As parts of the country grapple with famine a new report has ranked Kenya as among the worst nations in feeding its citizens.
Published last week, the Global Hunger Index (GHI), a report from Welthungerhilfe, the International Food Policy Research Institute and Concern Worldwide, shows that Kenya has serious levels of hunger, even as malnutrition is declining around the world.
With a score of 21.9 in Global Hunger Index, Kenya is ranked among the top 50 countries failing to provide their people with enough food.
Kenya is ranked marginally ahead of conflict-prone Iraq which has a score of 22 and is outpaced by Egypt with a score of 13.7 which has in recent years been faced by conflict.
The level of hunger globally is still high despite the progress made since 2000, says the report.
It shows that hunger in developing countries has dropped by 29 per cent since the year 2000, but there are still at least 800 million people worldwide who do not have enough food.
“Ending global hunger is certainly possible, but it’s up to all of us that we set the priorities right to ensure that governments, the private sector and civil society devote the time and resources necessary to meet this important goal,” said Shenggen Fan, director-general of the International Food Policy Research Institute (IFPRI), who calculated the scores.
The report shows that progress in the fight against hunger was unstable and uneven, with some regions improving at a faster rate than others.
It highlights that 20 countries, including Rwanda, Cambodia, and Myanmar, had a strong reduction in their hunger levels, in part due to stabilisation following conflicts.
However, 50 countries still had alarming hunger levels, with places such as the Central African Republic having shown scarce progress.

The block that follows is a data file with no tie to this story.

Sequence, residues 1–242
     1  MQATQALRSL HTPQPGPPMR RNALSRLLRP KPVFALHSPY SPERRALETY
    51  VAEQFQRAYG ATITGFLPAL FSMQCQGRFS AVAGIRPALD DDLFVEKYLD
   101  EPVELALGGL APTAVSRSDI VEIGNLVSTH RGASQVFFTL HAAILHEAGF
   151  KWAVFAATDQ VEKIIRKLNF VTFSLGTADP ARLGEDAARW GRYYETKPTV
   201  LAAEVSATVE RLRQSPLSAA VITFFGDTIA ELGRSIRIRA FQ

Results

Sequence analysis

The IFPRI’s aim is to eradicate world hunger by 2030, an initiative that is being worked on by many NGOs across the globe.
“We have the technology, knowledge and resources to achieve that vision. What is missing is both the urgency and the political will to turn commitments into action,” says Dominic MacSorley, chief executive, Concern Worldwide , an NGO that works with the IFPRI.
The GHI looks at four parameters to calculate its figures: the proportion of the population that is undernourished, the number of children suffering from wasting (low weight for their age), the number of children suffering from stunting (low height for their age) as well as the mortality rate for children under five.
The report corroborates recent reports which show many Kenyans face starvation for lack of food. Drought in various parts of the country has left hundreds of thousands of people on the brink of starvation.
Locals in affected areas have called for the government to do more as residents have been forced to move to other counties in search of food.
About 1.3 million Kenyans are facing famine following inadequate rains this year, the government has said recently. “There is a water shortage and increased risk of malnutrition.
As a result, 1.3 million people in Asal (arid and semi-arid lands) counties are in need of relief food,” Devolution and National Planning Cabinet secretary Mwangi Kiunjuri told a press conference at the Treasury.